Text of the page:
University of Minnesota President Eric Kaler says he will review the U's policy on sabbaticals and compensation for outgoing top administrators.
He told legislators Tuesday he will also stick more closely to existing guidelines than did his predecessor, Robert Bruininks.
Bruininks paid 10 departing university executives a total of $2.8 million, including paid administrative leave. Some earned their higher administrative salaries even though they were supposed to return to faculty. Others received paid leave even though they never returned to the university.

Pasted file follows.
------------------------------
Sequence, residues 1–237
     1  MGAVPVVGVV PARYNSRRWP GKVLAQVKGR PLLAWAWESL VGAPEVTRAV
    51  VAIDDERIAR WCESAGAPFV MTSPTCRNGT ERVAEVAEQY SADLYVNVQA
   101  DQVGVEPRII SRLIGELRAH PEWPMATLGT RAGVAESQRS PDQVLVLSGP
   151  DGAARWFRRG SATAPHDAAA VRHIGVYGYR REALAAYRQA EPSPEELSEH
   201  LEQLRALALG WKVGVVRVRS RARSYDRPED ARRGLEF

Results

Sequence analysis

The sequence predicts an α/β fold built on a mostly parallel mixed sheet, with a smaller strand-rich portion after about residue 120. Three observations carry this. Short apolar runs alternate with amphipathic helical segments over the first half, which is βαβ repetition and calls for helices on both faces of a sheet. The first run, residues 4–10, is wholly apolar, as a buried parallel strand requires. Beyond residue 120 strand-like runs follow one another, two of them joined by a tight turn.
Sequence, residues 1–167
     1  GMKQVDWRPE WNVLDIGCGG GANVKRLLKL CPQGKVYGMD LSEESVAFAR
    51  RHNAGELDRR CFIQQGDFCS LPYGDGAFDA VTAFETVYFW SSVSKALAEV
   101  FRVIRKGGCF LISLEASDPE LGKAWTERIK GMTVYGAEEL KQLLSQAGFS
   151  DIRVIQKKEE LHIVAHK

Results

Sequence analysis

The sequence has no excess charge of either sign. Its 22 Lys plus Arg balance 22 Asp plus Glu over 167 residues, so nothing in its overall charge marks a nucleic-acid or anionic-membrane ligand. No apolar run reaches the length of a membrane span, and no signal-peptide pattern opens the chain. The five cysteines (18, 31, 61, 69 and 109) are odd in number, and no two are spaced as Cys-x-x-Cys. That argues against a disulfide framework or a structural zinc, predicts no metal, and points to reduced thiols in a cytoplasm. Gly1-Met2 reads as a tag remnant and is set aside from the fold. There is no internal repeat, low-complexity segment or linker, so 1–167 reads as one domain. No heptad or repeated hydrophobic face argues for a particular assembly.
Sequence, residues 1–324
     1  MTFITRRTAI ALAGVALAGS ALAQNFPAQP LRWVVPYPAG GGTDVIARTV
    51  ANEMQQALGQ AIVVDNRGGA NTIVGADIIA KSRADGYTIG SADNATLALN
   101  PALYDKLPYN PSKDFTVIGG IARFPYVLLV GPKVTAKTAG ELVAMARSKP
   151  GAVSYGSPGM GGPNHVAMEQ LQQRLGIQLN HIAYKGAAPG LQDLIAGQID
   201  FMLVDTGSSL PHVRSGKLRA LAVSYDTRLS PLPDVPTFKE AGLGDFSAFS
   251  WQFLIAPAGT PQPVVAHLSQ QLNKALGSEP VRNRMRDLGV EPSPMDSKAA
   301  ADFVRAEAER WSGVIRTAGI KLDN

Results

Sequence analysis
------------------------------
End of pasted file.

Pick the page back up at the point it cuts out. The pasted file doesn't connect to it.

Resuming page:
Kaler told lawmakers the reported $2.8 million in separation packages was generous, but not abnormal in today's market.
Rep. Kim Norton, DFL-Rochester, said she and her constituents are appalled considering the university's recent budget cuts.
"To make those kinds of cuts and see where that money is going is, you know, is frankly shocking," Norton said.
Kaler said that although he intends to stay at the university, he would return his pay if he ever left while on leave.